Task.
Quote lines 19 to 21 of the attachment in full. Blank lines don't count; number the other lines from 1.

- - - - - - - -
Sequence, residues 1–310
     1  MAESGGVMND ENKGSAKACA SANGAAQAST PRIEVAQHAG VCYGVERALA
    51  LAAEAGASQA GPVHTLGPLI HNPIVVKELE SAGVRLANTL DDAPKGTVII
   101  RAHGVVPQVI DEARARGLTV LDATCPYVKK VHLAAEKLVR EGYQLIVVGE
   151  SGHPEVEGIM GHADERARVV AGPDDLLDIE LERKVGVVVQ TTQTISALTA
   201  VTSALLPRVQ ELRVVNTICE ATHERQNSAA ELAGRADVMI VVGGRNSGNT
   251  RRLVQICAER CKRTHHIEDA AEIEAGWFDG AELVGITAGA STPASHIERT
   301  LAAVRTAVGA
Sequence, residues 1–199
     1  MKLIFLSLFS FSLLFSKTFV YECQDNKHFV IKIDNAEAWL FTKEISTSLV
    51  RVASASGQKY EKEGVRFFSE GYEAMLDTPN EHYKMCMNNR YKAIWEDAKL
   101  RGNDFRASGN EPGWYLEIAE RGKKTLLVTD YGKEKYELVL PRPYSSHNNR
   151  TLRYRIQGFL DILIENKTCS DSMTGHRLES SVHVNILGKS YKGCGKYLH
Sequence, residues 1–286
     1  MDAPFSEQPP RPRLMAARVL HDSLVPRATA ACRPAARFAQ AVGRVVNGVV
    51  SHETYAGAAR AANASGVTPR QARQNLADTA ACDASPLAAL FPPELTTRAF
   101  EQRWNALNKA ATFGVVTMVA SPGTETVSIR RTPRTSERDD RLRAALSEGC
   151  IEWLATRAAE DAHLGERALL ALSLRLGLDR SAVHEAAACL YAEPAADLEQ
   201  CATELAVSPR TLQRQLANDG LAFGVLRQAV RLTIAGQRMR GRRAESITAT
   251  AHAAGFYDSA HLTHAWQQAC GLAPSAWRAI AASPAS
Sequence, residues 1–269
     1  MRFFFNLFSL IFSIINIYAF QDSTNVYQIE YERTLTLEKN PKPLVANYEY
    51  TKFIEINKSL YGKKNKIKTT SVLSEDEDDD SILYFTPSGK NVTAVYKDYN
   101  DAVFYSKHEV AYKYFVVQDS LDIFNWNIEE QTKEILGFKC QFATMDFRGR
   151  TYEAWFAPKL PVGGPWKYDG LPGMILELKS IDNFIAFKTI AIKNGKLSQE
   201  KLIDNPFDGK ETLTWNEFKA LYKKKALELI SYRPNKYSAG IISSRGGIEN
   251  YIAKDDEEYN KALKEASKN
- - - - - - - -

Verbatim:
   201  CATELAVSPR TLQRQLANDG LAFGVLRQAV RLTIAGQRMR GRRAESITAT
   251  AHAAGFYDSA HLTHAWQQAC GLAPSAWRAI AASPAS
Sequence, residues 1–269